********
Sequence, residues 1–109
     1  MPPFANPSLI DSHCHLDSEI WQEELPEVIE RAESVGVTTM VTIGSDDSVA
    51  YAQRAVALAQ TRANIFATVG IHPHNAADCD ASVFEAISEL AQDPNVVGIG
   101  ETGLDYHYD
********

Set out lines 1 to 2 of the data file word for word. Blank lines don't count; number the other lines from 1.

Sequence, residues 1–109
     1  MPPFANPSLI DSHCHLDSEI WQEELPEVIE RAESVGVTTM VTIGSDDSVA